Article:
Our menu is planned and the table is partially set in my mind until it’s time for us to really put everything in place. The foods spread before us will be exceptionally abundant compared to ‘just the usual abundance’ we take for granted many days. On this Thanksgiving holiday as we sit around our table, my dad – head bowed – will be waiting, as always, for his chattering, irreverent clan to pause for prayer before we eat.
Most days we eat around different schedules without stopping to pray a thanks for our food, and I wonder if what I feel in my conscious depths conveys enough love and gratitude to God for allowing me to be so warm, well-fed and comfortable. There is nothing like praying our thanks together. That is part of what this holiday will do for me. I hope it touches each of us.
With a lighter holiday tone, let’s all enjoy the following poem by Mariane Holbrook, writer and columnist for the Island Gazette in Carolina Beach, North Carolina.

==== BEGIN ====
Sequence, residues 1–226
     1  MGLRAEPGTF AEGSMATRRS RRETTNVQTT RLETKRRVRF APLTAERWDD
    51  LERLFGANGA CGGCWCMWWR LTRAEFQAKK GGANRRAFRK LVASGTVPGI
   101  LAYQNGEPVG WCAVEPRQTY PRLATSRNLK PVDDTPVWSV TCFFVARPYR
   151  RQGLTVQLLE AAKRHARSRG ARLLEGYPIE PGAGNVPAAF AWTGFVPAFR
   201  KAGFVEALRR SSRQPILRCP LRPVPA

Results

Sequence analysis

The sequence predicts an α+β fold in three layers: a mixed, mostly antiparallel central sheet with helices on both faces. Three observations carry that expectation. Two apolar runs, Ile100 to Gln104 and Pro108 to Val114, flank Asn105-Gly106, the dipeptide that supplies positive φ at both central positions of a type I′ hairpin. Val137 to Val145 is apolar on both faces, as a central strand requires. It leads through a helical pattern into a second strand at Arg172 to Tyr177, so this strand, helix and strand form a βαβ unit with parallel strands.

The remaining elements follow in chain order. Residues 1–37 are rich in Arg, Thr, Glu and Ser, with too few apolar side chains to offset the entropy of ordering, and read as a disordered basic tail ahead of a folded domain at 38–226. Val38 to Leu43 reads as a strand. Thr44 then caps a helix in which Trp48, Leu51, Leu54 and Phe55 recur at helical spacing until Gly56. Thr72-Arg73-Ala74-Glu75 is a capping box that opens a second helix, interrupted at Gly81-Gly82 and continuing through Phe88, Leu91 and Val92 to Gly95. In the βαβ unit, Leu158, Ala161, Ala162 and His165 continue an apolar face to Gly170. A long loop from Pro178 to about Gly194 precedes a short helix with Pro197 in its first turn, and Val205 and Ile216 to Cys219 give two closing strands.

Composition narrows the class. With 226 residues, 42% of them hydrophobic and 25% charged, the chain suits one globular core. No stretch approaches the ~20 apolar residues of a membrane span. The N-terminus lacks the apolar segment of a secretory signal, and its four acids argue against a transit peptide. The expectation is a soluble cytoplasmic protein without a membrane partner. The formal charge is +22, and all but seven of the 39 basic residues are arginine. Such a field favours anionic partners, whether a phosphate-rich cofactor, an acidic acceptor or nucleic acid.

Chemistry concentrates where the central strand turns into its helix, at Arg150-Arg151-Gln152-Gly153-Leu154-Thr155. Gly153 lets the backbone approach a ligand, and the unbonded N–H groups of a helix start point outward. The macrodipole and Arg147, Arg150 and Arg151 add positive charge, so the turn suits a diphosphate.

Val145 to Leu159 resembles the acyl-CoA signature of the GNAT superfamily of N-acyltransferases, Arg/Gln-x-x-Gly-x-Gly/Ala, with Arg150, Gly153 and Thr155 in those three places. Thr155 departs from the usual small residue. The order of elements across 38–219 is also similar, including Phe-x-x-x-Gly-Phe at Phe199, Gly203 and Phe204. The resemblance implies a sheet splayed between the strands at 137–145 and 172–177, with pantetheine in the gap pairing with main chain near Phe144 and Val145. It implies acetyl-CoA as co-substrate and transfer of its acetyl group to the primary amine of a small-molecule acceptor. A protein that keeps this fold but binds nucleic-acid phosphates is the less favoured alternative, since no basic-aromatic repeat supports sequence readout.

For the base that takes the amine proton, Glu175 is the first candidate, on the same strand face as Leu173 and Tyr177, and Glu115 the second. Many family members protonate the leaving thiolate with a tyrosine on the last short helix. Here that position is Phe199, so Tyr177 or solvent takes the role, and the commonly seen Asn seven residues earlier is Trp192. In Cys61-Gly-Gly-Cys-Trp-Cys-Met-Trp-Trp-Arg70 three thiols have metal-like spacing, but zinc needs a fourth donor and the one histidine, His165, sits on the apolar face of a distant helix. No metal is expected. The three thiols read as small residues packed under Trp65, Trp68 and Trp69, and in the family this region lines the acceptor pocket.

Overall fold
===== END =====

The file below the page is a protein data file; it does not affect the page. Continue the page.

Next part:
“Tis the night before Thanksgiving, … all through our house
No turkey is baking; I feel like a louse,
For I am all nestled, so snug in my bed;
I’m not gettin’ up and I’m not bakin’ bread.
No pie’s in my oven, no cranberry sauce
‘Cuz I give the orders, and I am the boss.
When out in the kitchen, there arose such a clatter
I almost got up to see what was the matter.
As I drew in my head and was tossing around
To the bed came my husband, he grimaced, he frowned.
And laying his finger aside of his nose,
He scared me to death and I thought, “Here he goes!”
He spoke not a word as he threw back my quilt
And the look that he gave was intended to wilt.
[Then] up to the ceiling my pillows he threw.
I knew I had had it, his face had turned blue.
“You prancer, you dodger, you’re lazy, you vixen!
Out yonder in kitchen, Thanksgiving you’re fixin’.”
But he heard me explain, with my face in a pout:
“I’m JUST TOO DARN TIRED and we’re EATIN’ OUT!”
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